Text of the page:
But sometimes a new awareness surfaces in unexpected ways. When Mayor Muriel Bowser of Washington, DC authorized the phrase Black Lives Matter to be painted in 50-foot-high letters on a street leading to the White House, it captured the public imagination by synthesizing a new vision of America and was replicated in urban public spaces across the country.
The Broadway play Hamilton, to give another example, could not have had its success in another time or place than America of the second decade of the 21st century.
Hamilton strikes a chord partly because of the novelty (or outrageousness) of people of color acting the roles of America’s white “founding fathers”, most of whom were slave owners. But mostly Hamilton is deeply engaging because it reflects an attitude that allows Americans to work through their past and to critically accept, reject, or use that past to understand the context of the strengths and crises of the present way of life. And this cannot be underestimated.
Because the American Dream lives in the minds of Americans and because the needs lie in the present, the creative and destructive powers of the Dream are located mostly in the present.
Hamilton dramatizes how the dynamics of American history are not about great men, but what America represents. In other words, America’s potential is revealed not in terms of the past, but in the ways of thinking and in the social and economic choices available to Americans in present times. By refusing to chain the future to the past, Hamilton judges America not so much by what has been done in its name as by its willingness to engage in self-exploration and its ability to sanctify accountability.
Moreover, by casting a Puerto Rican actor as Alexander Hamilton and an African-American actor as Thomas Jefferson, it destroys the power of any theory of whiteness. If the story of Alexander Hamilton is still compelling whether the protagonists are black, brown, or white, it suggests a universalism which takes into account the experience of racism, including the immense suffering racism brings, and builds out of it a more mature, more contemporary, more self-critical version of American society, a society in which no group can maintain a sense of chosenness or moral superiority.
Once again, Americans, especially white Americans, seem to be at point of trying to apportion responsibility for the suffering caused by injustice and inequality. Americans are accepting ideas they once resisted and resisting ideas they once accepted, regarding social and economic inclusion. The politics of awareness is changing, and cities and mayors are playing a central role in the battle for attention.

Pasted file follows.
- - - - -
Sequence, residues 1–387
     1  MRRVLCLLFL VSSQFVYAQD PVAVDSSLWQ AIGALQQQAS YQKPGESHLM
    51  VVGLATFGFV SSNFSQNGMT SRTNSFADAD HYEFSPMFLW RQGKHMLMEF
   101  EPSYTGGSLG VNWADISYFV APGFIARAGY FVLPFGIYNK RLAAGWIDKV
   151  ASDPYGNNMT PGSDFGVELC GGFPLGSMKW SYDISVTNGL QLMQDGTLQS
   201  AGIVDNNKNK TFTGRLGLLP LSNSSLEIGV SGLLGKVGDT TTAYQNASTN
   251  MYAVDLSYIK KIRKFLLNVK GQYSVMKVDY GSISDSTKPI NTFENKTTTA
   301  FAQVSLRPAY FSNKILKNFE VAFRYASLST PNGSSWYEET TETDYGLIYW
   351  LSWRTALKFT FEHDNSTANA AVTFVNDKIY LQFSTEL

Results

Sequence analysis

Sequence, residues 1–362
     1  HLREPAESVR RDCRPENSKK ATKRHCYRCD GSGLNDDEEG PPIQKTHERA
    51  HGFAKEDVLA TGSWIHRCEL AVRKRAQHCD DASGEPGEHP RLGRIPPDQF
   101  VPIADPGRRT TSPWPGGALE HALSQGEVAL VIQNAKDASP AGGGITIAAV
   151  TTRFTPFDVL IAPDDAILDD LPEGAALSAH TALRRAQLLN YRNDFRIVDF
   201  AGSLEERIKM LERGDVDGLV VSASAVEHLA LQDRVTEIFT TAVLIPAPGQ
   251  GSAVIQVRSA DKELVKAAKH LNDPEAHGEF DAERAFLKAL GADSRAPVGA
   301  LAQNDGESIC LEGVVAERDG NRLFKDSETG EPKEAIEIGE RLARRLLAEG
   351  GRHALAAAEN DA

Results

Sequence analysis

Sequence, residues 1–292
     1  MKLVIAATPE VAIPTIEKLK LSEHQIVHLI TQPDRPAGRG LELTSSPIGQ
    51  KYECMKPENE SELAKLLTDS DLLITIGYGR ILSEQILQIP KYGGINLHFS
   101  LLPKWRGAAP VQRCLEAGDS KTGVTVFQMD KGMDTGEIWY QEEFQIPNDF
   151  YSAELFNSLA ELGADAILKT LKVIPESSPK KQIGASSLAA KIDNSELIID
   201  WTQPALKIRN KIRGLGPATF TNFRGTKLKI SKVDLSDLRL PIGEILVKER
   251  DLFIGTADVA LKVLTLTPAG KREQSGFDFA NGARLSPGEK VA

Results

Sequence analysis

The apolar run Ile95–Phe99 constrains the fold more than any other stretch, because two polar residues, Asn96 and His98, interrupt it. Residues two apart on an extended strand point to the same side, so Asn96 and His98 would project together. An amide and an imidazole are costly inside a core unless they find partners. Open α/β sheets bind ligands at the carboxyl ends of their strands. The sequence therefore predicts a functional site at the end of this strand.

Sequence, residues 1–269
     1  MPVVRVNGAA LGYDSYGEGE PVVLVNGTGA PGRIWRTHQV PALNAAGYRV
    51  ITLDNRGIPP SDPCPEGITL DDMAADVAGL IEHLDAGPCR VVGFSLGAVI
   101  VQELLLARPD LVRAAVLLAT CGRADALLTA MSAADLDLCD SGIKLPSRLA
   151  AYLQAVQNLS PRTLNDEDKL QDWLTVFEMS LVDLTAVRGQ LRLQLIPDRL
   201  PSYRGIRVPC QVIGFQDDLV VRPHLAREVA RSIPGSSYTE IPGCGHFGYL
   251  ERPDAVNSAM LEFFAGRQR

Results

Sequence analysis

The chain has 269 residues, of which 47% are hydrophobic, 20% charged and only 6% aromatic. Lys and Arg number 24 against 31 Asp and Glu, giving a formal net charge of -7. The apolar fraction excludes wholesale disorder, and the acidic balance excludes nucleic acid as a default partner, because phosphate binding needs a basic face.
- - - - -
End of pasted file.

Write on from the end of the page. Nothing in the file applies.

It’s a tense, but promising, time in America. “If there was ever an opportunity to make changes in America, this is that moment,” says Mayor Randall Woodfin of Birmingham, Alabama.
(1) Jim Crow laws were a collection of state and local statutes that legalized racial segregation. Named after a Black minstrel show character, the laws - which existed for about 100 years, from the post-Civil War era until 1968 - were meant to marginalize African Americans by denying them the right to vote, hold jobs, get an education, or other opportunities. Those who attempted to defy Jim Crow laws often faced arrest, fines, jail sentences, violence, and death. (Source: History.com)
(2) “Redlining” is the name given to a federal government policy by which the Federal Housing Administration, established to provide mortgage insurance on loans made by FHA-approved lenders, furthered racial segregation by refusing to insure mortgages in and near African-American neighborhoods. At the same time, the FHA subsidized builders who were mass-producing entire subdivisions for whites, with the requirement that none of the homes be sold to African Americans. Redlining existed from 1934 until 1968. (Source: National Public Radio)
© Copyright: City Mayors Foundation. All rights reserved